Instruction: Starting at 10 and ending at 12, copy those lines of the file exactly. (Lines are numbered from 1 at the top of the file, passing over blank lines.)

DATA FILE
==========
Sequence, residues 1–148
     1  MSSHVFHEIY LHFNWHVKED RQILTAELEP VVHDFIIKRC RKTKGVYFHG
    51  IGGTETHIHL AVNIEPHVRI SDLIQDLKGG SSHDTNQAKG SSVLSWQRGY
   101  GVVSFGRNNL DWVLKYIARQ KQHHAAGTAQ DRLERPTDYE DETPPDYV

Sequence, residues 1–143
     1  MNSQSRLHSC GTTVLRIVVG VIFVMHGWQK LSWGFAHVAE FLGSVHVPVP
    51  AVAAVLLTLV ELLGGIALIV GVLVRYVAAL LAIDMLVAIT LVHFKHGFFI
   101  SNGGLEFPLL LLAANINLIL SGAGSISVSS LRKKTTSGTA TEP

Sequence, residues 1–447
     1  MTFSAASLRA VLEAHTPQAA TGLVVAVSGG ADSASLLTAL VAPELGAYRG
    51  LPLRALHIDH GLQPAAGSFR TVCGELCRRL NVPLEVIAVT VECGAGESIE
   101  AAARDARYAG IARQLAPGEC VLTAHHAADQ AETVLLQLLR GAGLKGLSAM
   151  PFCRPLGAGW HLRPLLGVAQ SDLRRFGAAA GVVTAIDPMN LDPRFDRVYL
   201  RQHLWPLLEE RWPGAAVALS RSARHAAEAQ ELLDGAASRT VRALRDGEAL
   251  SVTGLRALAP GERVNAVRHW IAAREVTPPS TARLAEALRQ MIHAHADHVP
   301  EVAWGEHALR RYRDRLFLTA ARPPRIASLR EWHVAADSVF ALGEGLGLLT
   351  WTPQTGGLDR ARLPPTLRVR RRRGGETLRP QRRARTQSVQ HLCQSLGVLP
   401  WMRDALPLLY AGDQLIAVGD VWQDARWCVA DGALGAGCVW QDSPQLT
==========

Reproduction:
     1  MTFSAASLRA VLEAHTPQAA TGLVVAVSGG ADSASLLTAL VAPELGAYRG
    51  LPLRALHIDH GLQPAAGSFR TVCGELCRRL NVPLEVIAVT VECGAGESIE
   101  AAARDARYAG IARQLAPGEC VLTAHHAADQ AETVLLQLLR GAGLKGLSAM